The name “Carbonara” has several disputed origins, including ties to charcoal workers, secret societies, and urban legends. Its first documented appearance was in 1950, enjoyed by American officers in post-World War II Rome.
One theory credits a young Italian army cook for inventing Carbonara in 1944, capitalizing on an abundance of bacon, cream, cheese, and powdered egg yolks. Food historians suggest that Carbonara might have traversed the Atlantic, cementing its unique connection between Italy and the United States.
Regardless of its origins, Carbonara’s delectable allure remains timeless, making it a cherished classic in Italian and international cuisine alike.
Variations and Substitutions:
You can make a vegetarian Carbonara with meatless alternatives or elevate it with the earthy richness of mushrooms. Experiment with different cheeses, and pasta shapes, or even add fresh herbs for a personalized touch. Whether you’re adjusting for dietary preferences or seeking to infuse new flavors, Carbonara is an adaptable canvas for culinary creativity.
- If you can’t find Guanciale, you can use pancetta or regular bacon.
- Omit the guanciale completely for a Vegetarian version of this dish.
- While Pecorino Romano and Parmigiano Reggiano are the go-to cheeses, you can experiment with other hard cheeses like Asiago for a unique twist on flavor.
- If you’re gluten-free, feel free to try this recipe with any gluten-free pasta of choice.
Best Served With:
Carbonara is a hearty pasta dish, so it pairs well with a variety of sides to create a well-rounded meal.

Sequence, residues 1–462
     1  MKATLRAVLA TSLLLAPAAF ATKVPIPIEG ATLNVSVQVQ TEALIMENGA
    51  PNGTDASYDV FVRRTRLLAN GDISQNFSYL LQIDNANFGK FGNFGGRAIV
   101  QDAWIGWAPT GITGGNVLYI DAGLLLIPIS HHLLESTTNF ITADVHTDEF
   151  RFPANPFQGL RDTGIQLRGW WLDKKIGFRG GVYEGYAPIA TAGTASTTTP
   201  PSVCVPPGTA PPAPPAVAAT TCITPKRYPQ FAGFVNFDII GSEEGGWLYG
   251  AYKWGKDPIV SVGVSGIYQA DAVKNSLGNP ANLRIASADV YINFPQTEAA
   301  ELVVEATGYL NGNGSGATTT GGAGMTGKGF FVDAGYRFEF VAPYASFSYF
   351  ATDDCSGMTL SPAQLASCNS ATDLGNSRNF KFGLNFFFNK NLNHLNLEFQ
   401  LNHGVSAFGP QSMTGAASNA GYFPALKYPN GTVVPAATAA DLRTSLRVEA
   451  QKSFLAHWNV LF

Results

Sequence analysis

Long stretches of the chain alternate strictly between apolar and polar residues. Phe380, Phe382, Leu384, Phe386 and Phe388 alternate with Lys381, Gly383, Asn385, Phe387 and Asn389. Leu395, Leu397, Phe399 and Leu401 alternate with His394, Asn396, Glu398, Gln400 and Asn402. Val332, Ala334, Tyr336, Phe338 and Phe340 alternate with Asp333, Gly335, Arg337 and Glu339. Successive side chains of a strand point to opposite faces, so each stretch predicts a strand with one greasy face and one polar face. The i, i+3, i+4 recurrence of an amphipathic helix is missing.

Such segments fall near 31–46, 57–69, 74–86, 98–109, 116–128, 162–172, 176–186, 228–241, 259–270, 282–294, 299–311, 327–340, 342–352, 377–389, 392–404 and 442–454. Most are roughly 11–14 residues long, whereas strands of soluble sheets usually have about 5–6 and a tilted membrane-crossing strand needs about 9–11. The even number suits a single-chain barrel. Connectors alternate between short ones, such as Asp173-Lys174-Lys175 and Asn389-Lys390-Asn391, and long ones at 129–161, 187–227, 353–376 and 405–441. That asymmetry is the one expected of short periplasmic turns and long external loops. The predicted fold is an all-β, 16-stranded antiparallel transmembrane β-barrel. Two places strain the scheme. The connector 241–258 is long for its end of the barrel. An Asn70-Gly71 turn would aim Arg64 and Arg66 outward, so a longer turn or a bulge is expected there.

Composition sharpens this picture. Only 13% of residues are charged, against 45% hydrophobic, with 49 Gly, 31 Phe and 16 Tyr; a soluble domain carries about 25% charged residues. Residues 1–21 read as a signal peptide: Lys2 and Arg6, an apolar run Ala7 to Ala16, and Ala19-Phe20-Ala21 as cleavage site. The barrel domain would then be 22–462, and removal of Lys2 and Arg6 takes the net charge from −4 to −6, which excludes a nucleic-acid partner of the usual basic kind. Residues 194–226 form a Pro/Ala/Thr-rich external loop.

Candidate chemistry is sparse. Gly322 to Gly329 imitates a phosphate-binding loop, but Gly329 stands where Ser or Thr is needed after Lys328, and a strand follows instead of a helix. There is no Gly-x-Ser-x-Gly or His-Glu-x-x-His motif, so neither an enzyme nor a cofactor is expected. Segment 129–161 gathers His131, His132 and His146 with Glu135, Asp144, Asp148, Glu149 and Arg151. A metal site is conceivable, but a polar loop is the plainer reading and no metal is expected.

- A fresh, crisp salad with a light vinaigrette or lemon-based dressing provides a refreshing contrast to the rich and creamy Carbonara.
- A side of toasted baguette slices or my cheesy roasted garlic bread would add a crunch and garlicky flavor that complements the dish.
- Roasted asparagus, broccoli, or cherry tomatoes can add a burst of flavor to your meal.
If you love Carbonara, you’ll love some of my other favorite pasta recipes here:
- This Pasta Limone is one of my favorite pasta dishes.
- This creamy and easy hidden veggie pasta sauce is a total gamechanger. Kids and adults will never know that there are 5 to 6 hidden veggies in here.
- My creamy broccoli ricotta pasta is one of my favorite ways to consume a hardy serving of vegetables. Here, broccoli, spinach, and onions are blended with ricotta into a silky smooth, creamy sauce.
Most Common Questions:
You can use either Pecorino Romano or Parmigiano Reggiano, depending on your preference. Pecorino Romano offers a sharper, saltier taste, while Parmigiano Reggiano has a milder, nuttier flavor.
Yes, you can substitute bacon for guanciale. While guanciale is traditional and has a distinct flavor, bacon works well and adds its smoky essence to the dish.
To prevent the eggs from scrambling, it’s crucial to remove the pan from direct heat before adding the egg and cheese mixture to the pasta. Then, toss everything together vigorously to create a creamy, silky sauce.